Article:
ENG485H1S - L0101ENG485H1S L0101 M2-4
Fragments: A Lover's Genre
Professor Michael Cobb
Jackman Humanities Building, Room TBA
Brief Description of Course:
Must we use fragments to express love? Although a grand and ubiquitous emotion, we often seem to find love among partial and or degraded texts; notebooks; diaries; tentative thoughts; aphorisms; text messages; tweets; status updates; Instagram captions; lyrical poetry; ruins. What does fragmentary form reveal about love? Is it a fleeting, always-a-bit-lost feeling? Is love ever whole? Is love a small, minor emotion? Not epic? We'll ask these and other questions of Roland Barthes, Sappho, Samuel Coleridge, Emily Dickinson, T.S. Eliot, Anne Carson, Frank O'Hara, Gwendolyn Brooks, Walter Benjamin, Susan Sontag, Maggie Nelson, and Hilton Als (among others). We'll also draw on examples from all sorts of popular and fine cultures from antiquity, from modernity, from now.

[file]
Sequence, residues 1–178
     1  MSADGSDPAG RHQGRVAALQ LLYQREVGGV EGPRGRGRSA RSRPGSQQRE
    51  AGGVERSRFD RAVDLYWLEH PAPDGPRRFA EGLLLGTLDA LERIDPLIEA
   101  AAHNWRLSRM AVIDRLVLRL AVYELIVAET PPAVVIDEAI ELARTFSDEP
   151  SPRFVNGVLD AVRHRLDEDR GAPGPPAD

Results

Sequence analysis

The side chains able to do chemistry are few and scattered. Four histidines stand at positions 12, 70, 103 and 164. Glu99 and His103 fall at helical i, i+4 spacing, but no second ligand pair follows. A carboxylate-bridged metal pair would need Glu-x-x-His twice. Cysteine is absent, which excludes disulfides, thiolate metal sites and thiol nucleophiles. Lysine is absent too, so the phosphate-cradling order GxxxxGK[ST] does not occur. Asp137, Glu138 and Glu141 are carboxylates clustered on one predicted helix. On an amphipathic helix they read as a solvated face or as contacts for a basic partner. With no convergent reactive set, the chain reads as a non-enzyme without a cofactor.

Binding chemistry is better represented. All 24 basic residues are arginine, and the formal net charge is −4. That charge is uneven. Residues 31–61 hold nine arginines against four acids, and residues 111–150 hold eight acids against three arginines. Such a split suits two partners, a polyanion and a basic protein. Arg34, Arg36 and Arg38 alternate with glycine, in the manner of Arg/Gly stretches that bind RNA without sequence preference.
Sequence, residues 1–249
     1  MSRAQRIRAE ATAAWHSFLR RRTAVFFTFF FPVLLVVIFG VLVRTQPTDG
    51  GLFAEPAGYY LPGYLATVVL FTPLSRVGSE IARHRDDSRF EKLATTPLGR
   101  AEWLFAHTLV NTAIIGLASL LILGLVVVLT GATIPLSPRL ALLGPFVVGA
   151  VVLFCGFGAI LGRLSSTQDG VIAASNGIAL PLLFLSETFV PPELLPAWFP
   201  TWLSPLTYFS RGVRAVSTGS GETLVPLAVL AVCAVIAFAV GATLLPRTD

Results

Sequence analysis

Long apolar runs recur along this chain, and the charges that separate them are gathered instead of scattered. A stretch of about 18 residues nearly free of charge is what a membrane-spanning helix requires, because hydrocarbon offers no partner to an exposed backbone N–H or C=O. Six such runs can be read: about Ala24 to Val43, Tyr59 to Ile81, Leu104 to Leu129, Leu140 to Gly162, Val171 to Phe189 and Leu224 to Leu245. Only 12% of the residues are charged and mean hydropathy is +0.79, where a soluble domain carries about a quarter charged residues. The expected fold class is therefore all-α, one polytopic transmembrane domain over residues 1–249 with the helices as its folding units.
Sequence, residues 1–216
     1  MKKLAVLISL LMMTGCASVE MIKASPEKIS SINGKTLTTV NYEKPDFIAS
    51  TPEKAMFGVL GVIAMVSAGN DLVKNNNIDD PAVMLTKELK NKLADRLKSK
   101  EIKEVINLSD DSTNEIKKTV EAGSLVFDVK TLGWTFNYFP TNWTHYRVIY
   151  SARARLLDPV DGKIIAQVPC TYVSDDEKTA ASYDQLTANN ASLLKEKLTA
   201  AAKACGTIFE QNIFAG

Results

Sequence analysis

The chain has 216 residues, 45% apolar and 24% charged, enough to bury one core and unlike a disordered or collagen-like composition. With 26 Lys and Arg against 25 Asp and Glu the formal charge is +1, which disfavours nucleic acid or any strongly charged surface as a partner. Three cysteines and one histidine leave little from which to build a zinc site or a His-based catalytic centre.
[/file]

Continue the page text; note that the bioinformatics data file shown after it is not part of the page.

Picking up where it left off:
Roland Barthes, A Lover's Discourse;
Anne Carson's translation of Sappho, If Not Winter;
Walter Benjamin, One-Way Street
; Gwendolyn Brooks, Maud Martha
; Anne Carson, Autobiography of Red
; Maggie Nelson, The Argonauts
; Hilton Als, White Girls
; and selections from Coleridge, Dickinson, Eliot, and Sontag.
First Three Authors/Texts:
Barthes, Sappho, Benjamin.
Method of Instruction:
Method of Evaluation: TBA.